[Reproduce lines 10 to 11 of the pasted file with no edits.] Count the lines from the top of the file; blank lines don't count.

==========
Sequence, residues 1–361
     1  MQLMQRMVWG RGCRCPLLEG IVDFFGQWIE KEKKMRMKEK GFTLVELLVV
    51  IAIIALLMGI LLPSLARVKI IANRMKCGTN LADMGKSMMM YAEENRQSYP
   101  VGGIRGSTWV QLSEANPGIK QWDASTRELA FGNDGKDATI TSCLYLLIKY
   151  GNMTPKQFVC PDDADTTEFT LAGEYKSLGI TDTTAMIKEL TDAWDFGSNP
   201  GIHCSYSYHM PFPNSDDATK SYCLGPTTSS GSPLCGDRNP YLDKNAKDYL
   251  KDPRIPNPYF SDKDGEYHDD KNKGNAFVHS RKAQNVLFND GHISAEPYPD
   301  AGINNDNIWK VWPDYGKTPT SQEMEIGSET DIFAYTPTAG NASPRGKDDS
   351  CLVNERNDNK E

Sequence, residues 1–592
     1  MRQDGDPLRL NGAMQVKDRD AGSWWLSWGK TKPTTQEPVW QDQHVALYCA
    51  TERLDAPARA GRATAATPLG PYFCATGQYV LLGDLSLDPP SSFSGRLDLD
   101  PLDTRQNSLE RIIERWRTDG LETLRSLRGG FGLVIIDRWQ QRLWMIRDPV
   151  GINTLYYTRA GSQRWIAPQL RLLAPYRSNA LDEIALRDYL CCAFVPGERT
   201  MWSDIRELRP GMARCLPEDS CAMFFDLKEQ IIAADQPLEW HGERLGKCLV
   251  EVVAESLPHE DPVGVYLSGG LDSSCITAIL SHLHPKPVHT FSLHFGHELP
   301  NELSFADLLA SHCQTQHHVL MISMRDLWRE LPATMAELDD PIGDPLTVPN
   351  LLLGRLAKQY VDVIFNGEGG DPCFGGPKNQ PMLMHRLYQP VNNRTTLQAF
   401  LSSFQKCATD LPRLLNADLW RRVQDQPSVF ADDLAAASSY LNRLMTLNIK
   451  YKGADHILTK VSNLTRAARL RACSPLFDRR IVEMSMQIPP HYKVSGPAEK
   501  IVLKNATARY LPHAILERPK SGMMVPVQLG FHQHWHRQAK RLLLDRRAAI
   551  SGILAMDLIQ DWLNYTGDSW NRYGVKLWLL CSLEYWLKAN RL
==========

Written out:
Sequence, residues 1–592
     1  MRQDGDPLRL NGAMQVKDRD AGSWWLSWGK TKPTTQEPVW QDQHVALYCA